There is another reason why a new framework for industrial subsidies has become necessary. In the scenario of a ‘subsidy race’, no country would have sufficient public funds to counter China’s declared ambition to become the world’s leading technological power by relying on its state-owned enterprises. A desire to preserve strategic autonomy could reopen the debate on the appropriate use of subsidies. Chinese government subsidies could therefore encourage other countries to abandon the rules of the market economy in favour of state capitalism.

The trilateral is an important step to limit industrial subsidies

Given the inertia of multilateral discussions, the objective of the Americans, Europeans and Japanese became clear. In December 2017, on the sidelines of the 11th WTO Ministerial Conference in Buenos Aires, they created the trilateral format ‘within the WTO’. The declared aim was to use all of their weight to counter distortions linked to subsidies, state-owned enterprises and forced technology transfers, which create overcapacity and unfair competition, hinder the development of innovative technologies and destabilise the functioning of international trade.3

It has been more difficult to agree on the modalities. First of all, it was a matter of finding the right balance between the offensive objective of restricting Chinese subsidies and the defensive objective of preserving the policy space for industrial policy. For some time, discussions appeared to be stuck in limbo. This increased the risk that the trilateral format would appear to only denounce Chinese practices in order to underpin the unilateral American strategy of using tariffs for blackmail. By agreeing on a realistic option, Washington has finally signalled that it takes the issue seriously.

The agreement is even more interesting since it systematically refers to the ultimate objective of multilateralisation on the basis of a revision of the SCM Agreement.

  • The first step is to expand the list of subsidies that are prohibited by the WTO by revising Article 3.1 of the SCM to target four new types of subsidies: unlimited guarantees, subsidies to an insolvent or ailing enterprise in the absence of a credible restructuring plan, subsidies to enterprises unable to obtain long-term financing or investment from independent commercial sources operating in sectors or industries in overcapacity, and lastly, certain direct forgiveness of debt.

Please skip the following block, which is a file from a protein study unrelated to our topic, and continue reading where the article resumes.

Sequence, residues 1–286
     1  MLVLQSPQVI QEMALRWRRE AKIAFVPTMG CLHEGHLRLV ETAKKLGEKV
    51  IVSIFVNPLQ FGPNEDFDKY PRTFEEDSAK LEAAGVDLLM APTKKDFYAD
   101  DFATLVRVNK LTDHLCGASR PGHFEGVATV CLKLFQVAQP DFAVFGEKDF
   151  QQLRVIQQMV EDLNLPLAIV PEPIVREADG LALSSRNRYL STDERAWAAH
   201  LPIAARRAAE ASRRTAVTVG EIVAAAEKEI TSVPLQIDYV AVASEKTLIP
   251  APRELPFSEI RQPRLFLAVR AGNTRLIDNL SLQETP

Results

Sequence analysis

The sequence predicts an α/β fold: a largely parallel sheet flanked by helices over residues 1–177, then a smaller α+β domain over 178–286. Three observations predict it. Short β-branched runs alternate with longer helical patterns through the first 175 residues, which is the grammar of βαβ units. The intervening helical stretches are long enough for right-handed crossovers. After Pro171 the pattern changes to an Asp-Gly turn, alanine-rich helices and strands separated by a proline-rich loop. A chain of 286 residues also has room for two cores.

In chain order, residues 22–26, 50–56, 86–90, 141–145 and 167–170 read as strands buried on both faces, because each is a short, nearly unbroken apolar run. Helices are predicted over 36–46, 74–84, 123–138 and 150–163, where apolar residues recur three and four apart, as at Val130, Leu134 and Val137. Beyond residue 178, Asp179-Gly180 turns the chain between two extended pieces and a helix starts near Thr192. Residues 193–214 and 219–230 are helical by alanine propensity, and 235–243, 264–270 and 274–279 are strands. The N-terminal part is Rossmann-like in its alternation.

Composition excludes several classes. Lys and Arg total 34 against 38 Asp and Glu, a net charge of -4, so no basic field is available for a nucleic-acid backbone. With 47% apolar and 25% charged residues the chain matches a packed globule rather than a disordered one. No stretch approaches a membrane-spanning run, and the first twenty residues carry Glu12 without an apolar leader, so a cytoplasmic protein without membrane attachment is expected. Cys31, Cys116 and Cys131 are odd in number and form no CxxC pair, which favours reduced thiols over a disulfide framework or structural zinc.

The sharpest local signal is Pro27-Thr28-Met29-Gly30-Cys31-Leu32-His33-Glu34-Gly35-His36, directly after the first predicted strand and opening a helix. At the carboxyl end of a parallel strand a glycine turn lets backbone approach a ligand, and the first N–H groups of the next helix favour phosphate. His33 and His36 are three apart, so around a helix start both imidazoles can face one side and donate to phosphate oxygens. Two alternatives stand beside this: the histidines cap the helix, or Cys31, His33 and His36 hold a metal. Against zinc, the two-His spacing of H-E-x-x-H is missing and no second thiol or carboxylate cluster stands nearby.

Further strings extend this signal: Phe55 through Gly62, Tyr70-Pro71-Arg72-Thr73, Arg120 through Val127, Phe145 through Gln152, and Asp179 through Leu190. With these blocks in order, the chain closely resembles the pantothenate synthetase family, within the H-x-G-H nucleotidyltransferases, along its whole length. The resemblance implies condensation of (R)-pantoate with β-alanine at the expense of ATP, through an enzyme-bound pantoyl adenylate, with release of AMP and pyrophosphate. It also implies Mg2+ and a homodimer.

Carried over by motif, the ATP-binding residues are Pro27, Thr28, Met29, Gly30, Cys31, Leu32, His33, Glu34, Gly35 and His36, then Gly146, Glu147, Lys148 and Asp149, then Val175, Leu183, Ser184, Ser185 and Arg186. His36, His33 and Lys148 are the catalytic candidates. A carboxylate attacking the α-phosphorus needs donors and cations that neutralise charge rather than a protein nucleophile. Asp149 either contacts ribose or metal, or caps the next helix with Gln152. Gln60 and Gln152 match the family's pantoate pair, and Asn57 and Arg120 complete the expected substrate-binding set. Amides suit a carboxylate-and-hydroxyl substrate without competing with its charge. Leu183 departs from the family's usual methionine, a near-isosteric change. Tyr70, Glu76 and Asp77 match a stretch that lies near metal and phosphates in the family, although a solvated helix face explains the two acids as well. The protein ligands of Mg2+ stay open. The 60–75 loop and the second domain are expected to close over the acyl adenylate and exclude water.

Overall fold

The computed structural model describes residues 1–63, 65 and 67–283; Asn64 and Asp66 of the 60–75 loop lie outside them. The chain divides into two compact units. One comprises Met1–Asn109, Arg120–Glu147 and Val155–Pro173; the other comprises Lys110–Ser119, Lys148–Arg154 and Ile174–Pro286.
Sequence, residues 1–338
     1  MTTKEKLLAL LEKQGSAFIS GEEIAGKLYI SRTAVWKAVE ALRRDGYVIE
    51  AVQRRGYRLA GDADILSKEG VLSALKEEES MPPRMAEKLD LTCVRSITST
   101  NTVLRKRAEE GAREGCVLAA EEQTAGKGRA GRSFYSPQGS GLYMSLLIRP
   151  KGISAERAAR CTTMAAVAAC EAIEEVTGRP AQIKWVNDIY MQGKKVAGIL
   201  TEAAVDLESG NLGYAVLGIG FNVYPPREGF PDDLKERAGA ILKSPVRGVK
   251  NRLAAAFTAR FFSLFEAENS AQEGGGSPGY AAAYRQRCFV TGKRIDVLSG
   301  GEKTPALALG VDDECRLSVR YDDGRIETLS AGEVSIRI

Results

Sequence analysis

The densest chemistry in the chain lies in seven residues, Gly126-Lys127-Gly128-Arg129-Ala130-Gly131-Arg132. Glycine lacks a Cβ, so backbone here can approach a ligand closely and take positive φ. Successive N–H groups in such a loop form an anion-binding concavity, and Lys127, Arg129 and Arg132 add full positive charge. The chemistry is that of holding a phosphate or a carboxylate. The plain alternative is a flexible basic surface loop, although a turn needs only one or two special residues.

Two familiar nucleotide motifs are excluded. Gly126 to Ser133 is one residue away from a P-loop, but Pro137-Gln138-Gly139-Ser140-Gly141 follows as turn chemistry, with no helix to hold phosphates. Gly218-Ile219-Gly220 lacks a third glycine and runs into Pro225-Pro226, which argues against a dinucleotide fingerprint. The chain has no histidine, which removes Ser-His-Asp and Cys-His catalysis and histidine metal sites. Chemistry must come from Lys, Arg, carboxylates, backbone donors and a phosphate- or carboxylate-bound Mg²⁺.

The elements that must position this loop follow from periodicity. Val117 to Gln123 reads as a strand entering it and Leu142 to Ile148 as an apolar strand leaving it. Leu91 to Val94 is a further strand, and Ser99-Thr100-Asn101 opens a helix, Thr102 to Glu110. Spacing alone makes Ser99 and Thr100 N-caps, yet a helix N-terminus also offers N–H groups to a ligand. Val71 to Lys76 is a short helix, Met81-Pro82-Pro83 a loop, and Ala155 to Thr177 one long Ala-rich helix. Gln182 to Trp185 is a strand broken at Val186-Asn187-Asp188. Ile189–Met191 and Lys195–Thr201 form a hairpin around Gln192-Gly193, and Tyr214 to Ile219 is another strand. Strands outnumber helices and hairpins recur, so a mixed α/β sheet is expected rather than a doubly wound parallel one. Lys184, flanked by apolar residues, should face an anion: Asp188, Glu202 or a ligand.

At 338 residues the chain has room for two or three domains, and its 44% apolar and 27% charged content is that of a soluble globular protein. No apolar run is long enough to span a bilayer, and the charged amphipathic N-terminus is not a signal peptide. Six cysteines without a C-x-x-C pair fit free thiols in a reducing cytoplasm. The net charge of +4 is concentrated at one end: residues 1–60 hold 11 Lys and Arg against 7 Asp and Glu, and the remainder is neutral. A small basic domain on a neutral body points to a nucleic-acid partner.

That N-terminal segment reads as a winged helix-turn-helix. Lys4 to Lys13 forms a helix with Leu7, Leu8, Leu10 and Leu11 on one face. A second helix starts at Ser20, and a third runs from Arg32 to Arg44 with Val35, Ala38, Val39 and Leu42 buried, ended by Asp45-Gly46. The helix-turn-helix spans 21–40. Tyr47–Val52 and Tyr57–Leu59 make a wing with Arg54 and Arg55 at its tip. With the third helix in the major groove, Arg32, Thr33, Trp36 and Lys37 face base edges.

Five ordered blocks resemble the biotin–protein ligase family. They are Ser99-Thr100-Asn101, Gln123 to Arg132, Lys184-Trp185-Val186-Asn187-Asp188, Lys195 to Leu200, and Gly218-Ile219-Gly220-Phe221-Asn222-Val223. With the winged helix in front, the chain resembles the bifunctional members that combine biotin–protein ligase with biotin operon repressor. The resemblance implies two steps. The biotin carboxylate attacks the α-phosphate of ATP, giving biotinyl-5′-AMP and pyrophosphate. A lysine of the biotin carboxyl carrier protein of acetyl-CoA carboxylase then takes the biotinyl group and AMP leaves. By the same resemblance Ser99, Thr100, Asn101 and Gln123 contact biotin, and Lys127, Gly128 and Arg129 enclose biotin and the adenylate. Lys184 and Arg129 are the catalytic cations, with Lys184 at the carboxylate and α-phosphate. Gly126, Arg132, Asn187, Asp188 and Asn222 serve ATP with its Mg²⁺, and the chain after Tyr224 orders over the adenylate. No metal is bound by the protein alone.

• The next step is to reverse the burden of proof by requiring governments to demonstrate that their subsidies do not distort trade or create overcapacity. This much more stringent discipline would make subsidies in support of zombie companies which should have gone bankrupt, cause overcapacity (revision of Article 6.3 SCM) or lower input prices almost prohibitively expensive–unless the subsidising country can prove that there is no major injury.
  • This new discipline must go hand in hand with improved notification of subsidies. Since 1995, the percentage of members notifying subsidies has fallen from 50 per cent to 38 per cent.4 Article 25 of the SCM should be revised to prohibit any non-notified subsidy. This would require the respective government to provide sufficient information to demonstrate that the subsidy is authorised and ensure full transparency.
  • It would also be a ‘living’ agreement, because new categories of distorting subsidies could be added later on. Similarly, all three parties agreed on the need to clarify the definition of a ‘public body’ which sets out the scope of the new disciplines.
  • Finally, although the trilateral has initially focused on subsidies, it foresees future steps of cooperation to end forced technology transfers, to change WTO rules that allow countries like China to present themselves as a developing country for special and differentiated treatment, or to establish rules on digital trade.5

This agreement is particularly interesting because the blocking of the WTO dispute settlement mechanism, a result of Washington’s refusal to appoint new judges to the Appellate Body, has heightened fears of an accelerated pace of US disengagement from the multilateral framework. Yet it remains to be seen whether these unilateral commitments will succeed in creating a knock-on effect on other partners that will move China forward.

 From ‘trilateralisation’ to ‘plurilateralisation’